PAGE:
One of the ways Major Lazer has retained it’s cultural identity is by working with artists with roots in Jamaica and the surrounding region. Walshy Fire is partly Jamaican. Jillionaire is from Trinidad. But the work Major Lazer does with artists from that part of the world doesn’t stop there. One frequent collaborator of Major Lazer is Machel Montano. A legend in his own right, Montano has brought his authentic dancehall style to multiple Major Lazer productions including “Sound Bang” and “All My Love”, so pretty much every true fan of Major Lazer have already heard plenty of him.

4. Elliphant – Look Like You Love It

Another frequent collaborator of Major Lazer, Elliphant’s transformation from Swedish teenager to dignified toaster was unconventional to say the least. Considering she was born in Stockholm, the chances that she would be come a techno or house producer are much higher than the chances she would be a versatile vocalist. However, she spent a trip in London becoming infused into the underground and urban sounds of U.K., one of which is dubstep. Dubstep is a U.K. artform and as I previously stated, was heavily influenced by reggae and dancehall. Instead of learning to produce the beats though, she mastered the vocal style for dubstep which in turn allowed her to master other styles like grime, DnB, and dancehall. Recently she was featured on Zeds Dead’s new single “Blame”, but she also has quite the impressive catalog of her own.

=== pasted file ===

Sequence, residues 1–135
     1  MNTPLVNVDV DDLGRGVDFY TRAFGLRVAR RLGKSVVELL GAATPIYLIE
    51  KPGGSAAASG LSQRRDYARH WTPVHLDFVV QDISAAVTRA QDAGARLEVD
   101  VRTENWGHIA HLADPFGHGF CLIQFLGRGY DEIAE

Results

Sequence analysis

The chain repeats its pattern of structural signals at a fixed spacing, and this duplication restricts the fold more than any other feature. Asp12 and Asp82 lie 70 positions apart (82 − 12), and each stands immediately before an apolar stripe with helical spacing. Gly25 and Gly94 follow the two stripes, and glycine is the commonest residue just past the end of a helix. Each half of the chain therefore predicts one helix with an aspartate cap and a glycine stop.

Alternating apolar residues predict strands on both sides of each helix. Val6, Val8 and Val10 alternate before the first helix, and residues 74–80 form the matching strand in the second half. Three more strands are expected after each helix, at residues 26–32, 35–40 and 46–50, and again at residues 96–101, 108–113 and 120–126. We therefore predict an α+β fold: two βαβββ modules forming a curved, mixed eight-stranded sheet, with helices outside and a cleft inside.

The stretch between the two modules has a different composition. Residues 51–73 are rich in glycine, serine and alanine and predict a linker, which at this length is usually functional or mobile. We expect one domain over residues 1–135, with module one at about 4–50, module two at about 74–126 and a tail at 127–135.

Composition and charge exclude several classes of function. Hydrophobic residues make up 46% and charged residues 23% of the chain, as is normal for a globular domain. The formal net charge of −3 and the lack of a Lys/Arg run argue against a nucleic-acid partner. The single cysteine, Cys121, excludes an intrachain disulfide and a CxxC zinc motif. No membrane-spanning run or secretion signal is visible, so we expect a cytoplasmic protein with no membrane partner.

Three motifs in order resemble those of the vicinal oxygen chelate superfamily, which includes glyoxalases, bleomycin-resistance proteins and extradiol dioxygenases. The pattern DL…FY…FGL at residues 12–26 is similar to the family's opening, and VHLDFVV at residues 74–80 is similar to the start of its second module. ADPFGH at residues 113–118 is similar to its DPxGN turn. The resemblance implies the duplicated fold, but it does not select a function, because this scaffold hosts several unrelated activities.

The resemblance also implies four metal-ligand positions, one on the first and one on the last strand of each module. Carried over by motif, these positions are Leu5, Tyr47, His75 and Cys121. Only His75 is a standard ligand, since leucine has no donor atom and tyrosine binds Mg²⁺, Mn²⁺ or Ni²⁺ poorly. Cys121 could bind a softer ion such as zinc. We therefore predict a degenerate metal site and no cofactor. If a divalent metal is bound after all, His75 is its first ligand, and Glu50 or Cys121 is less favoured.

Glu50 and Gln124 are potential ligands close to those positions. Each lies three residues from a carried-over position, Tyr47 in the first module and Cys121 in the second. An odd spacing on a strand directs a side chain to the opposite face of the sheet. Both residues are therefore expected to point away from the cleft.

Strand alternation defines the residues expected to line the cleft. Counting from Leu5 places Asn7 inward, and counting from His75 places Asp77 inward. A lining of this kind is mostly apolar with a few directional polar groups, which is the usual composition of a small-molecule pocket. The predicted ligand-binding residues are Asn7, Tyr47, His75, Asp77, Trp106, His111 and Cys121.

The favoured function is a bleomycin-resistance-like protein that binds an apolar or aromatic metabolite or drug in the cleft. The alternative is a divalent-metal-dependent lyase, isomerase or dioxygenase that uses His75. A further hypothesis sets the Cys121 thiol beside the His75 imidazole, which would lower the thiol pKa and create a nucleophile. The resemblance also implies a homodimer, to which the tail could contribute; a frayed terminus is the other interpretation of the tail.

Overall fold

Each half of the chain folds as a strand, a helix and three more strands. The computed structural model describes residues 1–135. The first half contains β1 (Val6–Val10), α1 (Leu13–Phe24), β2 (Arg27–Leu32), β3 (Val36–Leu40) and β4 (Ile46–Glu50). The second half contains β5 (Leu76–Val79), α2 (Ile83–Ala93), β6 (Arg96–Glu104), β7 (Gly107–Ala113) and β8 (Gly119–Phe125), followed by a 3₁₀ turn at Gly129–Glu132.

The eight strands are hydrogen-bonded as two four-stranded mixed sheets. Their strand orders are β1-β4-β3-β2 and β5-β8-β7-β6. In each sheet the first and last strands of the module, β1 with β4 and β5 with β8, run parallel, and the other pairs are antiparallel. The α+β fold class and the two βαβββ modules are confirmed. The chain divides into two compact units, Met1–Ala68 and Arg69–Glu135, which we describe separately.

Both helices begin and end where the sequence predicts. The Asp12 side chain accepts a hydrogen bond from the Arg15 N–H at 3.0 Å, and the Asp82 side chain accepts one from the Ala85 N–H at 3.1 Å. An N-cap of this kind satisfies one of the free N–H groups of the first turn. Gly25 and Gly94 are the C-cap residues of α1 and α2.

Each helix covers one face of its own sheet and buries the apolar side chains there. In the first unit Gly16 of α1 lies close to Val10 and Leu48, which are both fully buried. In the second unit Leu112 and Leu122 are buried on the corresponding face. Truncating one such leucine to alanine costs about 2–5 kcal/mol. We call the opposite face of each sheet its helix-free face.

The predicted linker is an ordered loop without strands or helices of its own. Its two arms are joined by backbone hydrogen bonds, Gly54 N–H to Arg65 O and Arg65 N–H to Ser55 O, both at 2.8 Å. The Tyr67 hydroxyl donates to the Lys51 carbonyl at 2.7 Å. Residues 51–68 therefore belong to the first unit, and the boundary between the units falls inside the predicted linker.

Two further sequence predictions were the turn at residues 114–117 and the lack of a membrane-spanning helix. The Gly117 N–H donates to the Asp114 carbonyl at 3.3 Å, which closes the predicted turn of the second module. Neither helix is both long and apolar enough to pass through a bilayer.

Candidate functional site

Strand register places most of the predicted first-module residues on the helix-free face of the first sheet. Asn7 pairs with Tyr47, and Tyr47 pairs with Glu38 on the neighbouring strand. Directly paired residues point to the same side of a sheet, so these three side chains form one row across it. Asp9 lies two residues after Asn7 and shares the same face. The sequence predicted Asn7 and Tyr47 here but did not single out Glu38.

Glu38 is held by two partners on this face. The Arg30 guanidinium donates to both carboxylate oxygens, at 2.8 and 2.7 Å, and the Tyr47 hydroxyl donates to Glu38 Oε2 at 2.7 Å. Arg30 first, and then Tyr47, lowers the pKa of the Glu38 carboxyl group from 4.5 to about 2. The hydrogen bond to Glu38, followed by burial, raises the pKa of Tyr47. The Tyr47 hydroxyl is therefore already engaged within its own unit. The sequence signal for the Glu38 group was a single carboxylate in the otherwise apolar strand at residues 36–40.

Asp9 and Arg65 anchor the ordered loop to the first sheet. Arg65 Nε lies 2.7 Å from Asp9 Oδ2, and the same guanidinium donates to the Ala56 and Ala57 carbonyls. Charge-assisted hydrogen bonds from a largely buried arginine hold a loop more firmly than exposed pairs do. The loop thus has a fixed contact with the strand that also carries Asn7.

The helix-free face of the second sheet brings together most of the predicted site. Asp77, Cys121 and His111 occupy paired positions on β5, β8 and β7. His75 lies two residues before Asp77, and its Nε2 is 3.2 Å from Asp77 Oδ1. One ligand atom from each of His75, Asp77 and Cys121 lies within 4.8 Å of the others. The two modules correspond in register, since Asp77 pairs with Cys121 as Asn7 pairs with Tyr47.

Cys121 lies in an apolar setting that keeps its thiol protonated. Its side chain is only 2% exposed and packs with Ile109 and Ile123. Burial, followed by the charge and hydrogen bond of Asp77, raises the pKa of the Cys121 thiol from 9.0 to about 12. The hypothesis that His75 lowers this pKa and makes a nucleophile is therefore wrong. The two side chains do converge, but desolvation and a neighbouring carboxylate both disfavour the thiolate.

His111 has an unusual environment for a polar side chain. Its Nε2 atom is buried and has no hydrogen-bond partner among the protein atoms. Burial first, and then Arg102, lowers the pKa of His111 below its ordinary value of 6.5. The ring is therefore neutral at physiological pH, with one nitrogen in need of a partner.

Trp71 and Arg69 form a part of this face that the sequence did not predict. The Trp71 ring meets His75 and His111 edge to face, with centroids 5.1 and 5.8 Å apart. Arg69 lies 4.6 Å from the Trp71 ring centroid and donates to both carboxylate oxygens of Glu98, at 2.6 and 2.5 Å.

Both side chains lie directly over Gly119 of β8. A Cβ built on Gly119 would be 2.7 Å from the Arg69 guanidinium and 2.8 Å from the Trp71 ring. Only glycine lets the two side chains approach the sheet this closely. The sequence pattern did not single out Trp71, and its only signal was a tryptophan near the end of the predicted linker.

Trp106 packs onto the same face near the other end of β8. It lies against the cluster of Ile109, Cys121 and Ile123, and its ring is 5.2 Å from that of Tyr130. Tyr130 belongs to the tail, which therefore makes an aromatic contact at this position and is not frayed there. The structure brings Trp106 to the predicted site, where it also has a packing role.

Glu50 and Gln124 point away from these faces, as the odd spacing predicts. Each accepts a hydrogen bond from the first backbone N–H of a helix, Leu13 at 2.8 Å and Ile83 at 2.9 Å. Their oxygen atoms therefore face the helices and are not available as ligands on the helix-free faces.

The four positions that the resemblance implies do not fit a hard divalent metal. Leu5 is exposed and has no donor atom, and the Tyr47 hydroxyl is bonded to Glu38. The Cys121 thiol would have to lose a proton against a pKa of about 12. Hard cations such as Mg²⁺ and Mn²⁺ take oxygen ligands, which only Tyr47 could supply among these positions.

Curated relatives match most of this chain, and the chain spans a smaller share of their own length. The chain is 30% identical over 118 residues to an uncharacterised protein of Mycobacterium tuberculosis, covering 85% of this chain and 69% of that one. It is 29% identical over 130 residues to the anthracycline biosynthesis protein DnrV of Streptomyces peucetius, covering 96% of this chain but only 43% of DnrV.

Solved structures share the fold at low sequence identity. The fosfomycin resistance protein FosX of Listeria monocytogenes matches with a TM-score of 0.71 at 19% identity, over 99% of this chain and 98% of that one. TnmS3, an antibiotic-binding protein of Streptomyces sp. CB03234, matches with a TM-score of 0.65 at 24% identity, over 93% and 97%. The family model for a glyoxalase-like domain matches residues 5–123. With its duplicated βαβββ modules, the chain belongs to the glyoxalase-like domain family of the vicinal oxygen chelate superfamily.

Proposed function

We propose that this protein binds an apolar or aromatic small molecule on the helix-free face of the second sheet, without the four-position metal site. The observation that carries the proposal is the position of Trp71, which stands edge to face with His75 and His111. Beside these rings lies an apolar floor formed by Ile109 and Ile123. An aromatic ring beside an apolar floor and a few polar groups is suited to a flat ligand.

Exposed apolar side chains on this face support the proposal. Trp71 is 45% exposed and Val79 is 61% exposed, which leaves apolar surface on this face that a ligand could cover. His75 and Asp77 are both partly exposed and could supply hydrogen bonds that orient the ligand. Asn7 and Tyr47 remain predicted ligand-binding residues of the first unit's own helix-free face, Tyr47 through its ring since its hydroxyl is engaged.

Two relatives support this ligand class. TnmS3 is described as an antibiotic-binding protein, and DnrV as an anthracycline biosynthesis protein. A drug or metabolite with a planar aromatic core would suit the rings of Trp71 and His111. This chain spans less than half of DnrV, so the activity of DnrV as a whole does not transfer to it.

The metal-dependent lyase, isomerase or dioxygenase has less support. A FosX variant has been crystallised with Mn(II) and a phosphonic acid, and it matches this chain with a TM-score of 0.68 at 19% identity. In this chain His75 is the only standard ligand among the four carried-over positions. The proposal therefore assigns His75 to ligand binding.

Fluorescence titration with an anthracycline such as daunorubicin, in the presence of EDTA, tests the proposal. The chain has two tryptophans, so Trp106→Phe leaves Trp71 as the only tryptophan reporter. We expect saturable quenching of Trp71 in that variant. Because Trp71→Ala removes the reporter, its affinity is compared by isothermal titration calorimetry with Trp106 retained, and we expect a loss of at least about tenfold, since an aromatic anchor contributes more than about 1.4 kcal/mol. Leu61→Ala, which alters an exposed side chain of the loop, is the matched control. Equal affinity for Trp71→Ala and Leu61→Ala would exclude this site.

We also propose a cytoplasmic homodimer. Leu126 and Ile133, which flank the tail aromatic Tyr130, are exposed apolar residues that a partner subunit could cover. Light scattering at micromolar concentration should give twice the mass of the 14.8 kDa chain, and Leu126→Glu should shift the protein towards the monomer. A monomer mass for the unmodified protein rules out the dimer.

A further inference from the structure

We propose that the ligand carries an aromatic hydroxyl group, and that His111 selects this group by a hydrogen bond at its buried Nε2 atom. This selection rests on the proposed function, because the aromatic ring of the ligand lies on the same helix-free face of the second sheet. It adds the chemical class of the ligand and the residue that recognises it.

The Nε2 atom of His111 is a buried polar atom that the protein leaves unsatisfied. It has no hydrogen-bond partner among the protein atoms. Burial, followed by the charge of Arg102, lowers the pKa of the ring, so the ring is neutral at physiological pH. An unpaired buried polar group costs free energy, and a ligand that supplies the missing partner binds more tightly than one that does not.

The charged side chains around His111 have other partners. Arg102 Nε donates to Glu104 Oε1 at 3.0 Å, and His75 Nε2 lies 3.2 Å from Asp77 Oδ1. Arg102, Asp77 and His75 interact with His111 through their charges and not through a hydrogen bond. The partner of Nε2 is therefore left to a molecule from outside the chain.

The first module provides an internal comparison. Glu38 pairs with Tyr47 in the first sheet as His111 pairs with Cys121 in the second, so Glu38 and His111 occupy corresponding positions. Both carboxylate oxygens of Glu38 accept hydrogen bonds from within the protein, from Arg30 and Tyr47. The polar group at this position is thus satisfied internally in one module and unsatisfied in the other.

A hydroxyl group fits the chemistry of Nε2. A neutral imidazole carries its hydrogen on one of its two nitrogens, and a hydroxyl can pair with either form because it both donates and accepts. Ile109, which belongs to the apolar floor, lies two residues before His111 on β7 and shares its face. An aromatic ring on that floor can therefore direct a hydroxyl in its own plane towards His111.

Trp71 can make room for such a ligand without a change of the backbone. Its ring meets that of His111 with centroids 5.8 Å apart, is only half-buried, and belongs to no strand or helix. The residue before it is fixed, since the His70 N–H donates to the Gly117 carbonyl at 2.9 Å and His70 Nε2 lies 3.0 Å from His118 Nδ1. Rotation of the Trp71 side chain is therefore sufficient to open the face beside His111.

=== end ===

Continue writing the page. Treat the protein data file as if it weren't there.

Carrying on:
5. Ganz – Gao EP

Major Lazer’s dedication to cultural exploration is what sets them apart from other acts from the electronic spectrum, but there’s no denying that they wouldn’t have gotten big without their ability to appeal to a mainstream audience as well. When you see them live you’ll hear plenty of reggae-influenced tunes, some with customized Major Lazer buildups, but there’s also plenty of trap, hip-hop and other bass heavy style of music with notable features. Ganz is a producer with a very unique take on those kinds of trap, hip-hop, and bass heavy styles of music. His Gao Ep has a little of everything.

Written by
Harry Levin

Hi my name is Harry Levin. I live in LA and I'm an absolute lover of music.